Every single rescue operation is about minimizing damage and ultimately saving lives, and every single driver strives to reduce response time. For the rescue driver, with his specific knowledge and experience, it’s natural to reflect upon the matter from a local perspective. But, if we look at it from a general perspective; how many operations are there actually that may have response time reduced? Let’s have a look at some numbers.
Small or large population?
If we look at the Netherlands, a small and densely populated country, in the period of 2003-2013 the average number of fire department actions was approximately 24 thousand per year. (https://www.statista.com/statistics/547583/netherlands-total-number-of-fire-brigade-actions/)
In a big country like the US, for the last 25 years more than 43 million fires were reported and responded to by public fire departments. That’s approximately 1.7 million fire operations per year. (https://www.statista.com/statistics/203760/total-number-of-reported-fires-in-the-united-states/)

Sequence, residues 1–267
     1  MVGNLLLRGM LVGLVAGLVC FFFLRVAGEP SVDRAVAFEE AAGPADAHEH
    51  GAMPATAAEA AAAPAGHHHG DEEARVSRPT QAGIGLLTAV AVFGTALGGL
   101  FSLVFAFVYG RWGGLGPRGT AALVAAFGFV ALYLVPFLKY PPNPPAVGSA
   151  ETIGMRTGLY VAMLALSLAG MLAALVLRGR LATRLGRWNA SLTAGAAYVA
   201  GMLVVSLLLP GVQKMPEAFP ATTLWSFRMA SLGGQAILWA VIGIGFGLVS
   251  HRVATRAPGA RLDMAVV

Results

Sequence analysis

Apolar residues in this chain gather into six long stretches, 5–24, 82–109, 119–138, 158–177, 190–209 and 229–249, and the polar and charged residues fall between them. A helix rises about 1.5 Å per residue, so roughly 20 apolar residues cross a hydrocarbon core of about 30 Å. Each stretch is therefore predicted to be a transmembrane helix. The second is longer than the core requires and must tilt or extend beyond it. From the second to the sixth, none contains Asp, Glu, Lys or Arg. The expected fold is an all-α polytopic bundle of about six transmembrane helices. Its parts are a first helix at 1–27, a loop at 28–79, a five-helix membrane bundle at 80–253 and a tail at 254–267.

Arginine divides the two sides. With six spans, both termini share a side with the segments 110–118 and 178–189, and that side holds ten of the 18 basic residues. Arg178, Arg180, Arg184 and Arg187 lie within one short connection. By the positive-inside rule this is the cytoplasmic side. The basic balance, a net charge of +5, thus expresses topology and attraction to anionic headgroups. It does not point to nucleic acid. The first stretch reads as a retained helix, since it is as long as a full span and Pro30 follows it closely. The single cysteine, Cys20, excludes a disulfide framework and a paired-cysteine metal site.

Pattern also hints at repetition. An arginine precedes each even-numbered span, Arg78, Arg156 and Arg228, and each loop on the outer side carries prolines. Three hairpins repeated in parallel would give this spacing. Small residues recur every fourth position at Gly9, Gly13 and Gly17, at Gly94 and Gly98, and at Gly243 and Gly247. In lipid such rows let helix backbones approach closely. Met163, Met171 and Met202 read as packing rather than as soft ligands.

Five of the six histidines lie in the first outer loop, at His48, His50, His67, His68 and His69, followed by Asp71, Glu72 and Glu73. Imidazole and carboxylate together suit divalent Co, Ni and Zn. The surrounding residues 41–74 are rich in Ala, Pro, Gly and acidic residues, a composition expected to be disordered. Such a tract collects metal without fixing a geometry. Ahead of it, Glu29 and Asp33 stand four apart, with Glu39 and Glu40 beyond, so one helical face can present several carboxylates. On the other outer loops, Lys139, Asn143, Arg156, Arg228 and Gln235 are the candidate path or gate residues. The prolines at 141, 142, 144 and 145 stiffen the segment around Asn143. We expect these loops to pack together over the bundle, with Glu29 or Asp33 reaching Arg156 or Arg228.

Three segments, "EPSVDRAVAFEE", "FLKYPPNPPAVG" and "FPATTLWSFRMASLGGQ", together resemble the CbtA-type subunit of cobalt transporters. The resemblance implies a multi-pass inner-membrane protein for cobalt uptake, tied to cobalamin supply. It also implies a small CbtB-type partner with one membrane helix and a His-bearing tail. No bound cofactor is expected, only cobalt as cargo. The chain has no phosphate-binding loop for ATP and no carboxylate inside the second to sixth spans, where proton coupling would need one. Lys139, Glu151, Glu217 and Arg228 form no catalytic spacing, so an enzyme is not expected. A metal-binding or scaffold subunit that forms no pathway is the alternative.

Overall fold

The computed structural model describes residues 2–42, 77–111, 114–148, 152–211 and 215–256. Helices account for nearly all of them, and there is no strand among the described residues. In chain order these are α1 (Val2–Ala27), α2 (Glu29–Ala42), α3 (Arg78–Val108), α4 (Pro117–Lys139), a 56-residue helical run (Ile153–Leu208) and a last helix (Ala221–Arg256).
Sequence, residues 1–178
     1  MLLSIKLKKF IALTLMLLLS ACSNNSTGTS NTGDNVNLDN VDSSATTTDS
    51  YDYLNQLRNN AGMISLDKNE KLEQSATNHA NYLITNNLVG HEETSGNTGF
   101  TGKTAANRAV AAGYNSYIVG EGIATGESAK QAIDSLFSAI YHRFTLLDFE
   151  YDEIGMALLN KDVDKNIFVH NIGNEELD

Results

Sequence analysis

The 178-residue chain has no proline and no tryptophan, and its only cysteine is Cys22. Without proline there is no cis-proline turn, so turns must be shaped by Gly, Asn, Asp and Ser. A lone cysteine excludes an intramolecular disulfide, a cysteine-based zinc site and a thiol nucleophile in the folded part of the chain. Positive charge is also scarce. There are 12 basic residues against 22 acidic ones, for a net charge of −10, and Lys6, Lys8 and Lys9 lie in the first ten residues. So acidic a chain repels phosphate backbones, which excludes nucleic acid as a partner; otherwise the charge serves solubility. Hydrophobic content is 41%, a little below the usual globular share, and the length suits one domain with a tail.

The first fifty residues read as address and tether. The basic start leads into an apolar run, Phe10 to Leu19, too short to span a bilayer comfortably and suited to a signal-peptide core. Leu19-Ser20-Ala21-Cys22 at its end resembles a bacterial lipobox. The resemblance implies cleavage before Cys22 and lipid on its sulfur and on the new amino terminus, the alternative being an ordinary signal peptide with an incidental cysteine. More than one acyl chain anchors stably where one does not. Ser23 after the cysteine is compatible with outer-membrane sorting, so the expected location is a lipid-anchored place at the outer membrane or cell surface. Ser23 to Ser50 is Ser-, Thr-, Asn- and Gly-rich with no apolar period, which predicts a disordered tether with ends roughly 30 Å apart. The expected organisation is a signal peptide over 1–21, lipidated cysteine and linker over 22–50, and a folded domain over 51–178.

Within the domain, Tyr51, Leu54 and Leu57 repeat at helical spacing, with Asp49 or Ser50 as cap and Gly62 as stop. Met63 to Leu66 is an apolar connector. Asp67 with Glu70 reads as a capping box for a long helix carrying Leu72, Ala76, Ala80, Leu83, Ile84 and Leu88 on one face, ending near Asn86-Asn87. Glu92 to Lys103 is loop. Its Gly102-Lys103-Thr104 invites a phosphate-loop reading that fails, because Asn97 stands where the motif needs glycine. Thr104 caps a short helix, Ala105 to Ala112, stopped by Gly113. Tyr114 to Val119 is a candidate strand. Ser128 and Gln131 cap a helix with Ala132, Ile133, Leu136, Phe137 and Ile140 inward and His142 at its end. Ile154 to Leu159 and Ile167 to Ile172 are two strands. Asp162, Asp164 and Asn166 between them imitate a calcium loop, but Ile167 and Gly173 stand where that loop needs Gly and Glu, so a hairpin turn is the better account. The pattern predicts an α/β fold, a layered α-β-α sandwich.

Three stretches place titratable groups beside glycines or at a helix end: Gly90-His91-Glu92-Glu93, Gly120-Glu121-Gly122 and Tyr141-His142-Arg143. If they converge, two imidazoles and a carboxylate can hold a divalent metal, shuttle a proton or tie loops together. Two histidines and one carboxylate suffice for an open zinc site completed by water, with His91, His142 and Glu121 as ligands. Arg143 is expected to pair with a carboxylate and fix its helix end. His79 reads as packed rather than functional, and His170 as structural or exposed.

“1.7 million fire operations – in the US only…”
Even if there is no reliable global statistics available, these figures indicate that the total number of fire operations in the world is immense, and likewise, the potential for reducing the total aggregated response time is immense.
Reducing response time by all possible means
Of course, local conditions around the world vary considerably. Accordingly, the potential and means for reducing response time vary. Icy roads, for example, are a completely unknown condition in parts of the world and there are rescue drivers who have never been delayed by dense traffic.
No matter where in the world, if all rescue drivers scrutinise what may cause delays and find out a solution to the problem, we are convinced there is a great potential for reducing response time – and ultimately saving more lives.
Do you want to know more about reducing response time? Read the blogpost How to shorten your response time in rescue driving, and download the document Response time – a challenge for the rescue driver.